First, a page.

The single-most important question you need to ask yourself is this: What do I ultimately want?
Do you want to spend more time with customers or more time working behind the scenes? Do you like the mobility your truck offers or would you rather have a regular, physical location where you and your work family could grow and flourish for years to come? Do you enjoy the food truck lifestyle—or are you ready for the serious change of pace that a restaurant location could offer?
Opening another food truck or opening a restaurant are both huge decisions that will have a big impact on your daily schedule, your professional experience, and your potential to reach new customers. While both options are great choices for many FoodTruckrs, it’s important to really think seriously about how your decision will affect your personal life and your professional life—as well as if there are any other options that would better serve you.
If you’re interested in hearing about the experiences that other food truck owners have had with opening additional trucks or brick and mortar locations, check out our podcasts with Brett of BC Tacos, Jim of Bacon Bacon, and Yvonne of Brown Shuga Soul Food (who went from a brick and mortar business to a food truck!). Stay tuned also for next week’s episode where we’ll talk to a FoodTruckr who’s currently in the process of opening a new truck—Josh of Pizza Wagon!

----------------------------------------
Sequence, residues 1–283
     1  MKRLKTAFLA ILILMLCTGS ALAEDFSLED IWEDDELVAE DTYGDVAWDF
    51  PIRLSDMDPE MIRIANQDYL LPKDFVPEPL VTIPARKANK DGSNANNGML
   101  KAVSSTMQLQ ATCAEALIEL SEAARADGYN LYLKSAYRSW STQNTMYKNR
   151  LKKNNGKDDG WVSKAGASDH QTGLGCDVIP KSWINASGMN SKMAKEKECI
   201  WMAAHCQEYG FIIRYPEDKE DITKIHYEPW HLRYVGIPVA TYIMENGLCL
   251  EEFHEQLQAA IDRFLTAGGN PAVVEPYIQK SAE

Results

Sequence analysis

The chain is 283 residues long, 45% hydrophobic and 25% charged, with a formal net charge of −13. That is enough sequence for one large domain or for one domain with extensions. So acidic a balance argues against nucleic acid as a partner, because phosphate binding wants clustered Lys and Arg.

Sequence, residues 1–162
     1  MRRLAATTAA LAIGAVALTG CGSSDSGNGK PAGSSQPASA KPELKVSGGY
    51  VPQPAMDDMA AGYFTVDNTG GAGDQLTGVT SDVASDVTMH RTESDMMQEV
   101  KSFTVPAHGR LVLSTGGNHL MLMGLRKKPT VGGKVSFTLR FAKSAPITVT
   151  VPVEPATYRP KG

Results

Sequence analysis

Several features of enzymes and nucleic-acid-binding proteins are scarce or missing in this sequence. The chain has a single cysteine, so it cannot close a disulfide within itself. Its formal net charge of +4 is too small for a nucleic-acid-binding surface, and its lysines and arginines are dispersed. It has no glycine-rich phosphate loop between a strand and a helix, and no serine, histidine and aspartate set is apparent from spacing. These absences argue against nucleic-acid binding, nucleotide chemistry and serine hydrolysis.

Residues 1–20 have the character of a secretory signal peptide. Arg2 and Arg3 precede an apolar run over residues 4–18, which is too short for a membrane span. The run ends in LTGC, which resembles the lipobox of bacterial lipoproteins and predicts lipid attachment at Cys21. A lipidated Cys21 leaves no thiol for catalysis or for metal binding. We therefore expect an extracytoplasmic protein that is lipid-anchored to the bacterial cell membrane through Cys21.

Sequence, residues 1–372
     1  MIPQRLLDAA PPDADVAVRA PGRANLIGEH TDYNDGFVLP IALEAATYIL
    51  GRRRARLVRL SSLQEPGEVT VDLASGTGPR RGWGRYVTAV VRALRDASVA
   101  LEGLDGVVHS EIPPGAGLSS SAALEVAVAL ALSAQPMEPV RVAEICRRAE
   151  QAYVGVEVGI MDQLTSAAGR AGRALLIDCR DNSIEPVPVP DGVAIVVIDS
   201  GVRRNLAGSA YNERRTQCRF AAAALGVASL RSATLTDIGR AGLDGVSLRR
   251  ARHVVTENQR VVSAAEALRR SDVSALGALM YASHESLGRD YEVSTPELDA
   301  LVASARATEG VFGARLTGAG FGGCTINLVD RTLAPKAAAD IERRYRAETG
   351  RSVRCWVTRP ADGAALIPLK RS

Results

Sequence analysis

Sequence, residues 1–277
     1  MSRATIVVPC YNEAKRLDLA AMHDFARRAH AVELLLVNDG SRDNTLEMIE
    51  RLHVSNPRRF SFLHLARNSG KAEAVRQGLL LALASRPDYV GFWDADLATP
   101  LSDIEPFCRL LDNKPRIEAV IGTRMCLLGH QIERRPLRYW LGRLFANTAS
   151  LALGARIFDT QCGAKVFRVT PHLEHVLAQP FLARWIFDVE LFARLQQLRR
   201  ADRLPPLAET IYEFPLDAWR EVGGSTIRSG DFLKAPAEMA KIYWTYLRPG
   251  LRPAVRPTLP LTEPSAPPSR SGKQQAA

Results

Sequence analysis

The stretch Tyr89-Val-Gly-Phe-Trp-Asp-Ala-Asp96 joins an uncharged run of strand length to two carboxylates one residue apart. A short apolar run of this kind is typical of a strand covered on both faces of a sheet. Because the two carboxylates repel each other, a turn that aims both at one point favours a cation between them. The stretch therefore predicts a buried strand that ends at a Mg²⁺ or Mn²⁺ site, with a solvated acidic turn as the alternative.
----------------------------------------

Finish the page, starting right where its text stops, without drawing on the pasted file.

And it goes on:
Growing Your Business and Making Dreams Come True
Choosing to expand by opening another food truck or a brick and mortar location is a great way to take your business to the next level—from a single income stream to the makings of your very own empire. If you think this could be the right time to expand your food truck, we recommend filling out a business plan to get your ideas on paper and to help you work out the logistics that will be involved. Use our introductory article on business plans and our “How to Start a Food Truck” lesson on writing a business plan to get started.
If you’re ready to continue growing your business and developing a successful food truck empire, be sure to check out The Food Truck Growth Kit when it arrives next week! We’re so excited to share this incredible resource with you—it’s got even more in-depth information and fantastic tools you can use to really take your truck to the next level. Be sure to sign up for our special interest list to receive an exclusive discount and notifications when the kit is released.
Until then, we’d love to hear all about your biggest food truck goals and aspirations! Are you considering another truck? A brick and mortar restaurant? Still working on expanding to catering or events? Share your stories with us in the comments below or on Facebook or Twitter!
Once again, thank you for reading the “How to Run a Food Truck” series! We wish you much continued success in the future and thank you for all that you’ve contributed to the food truck community.
image by Tendenci Software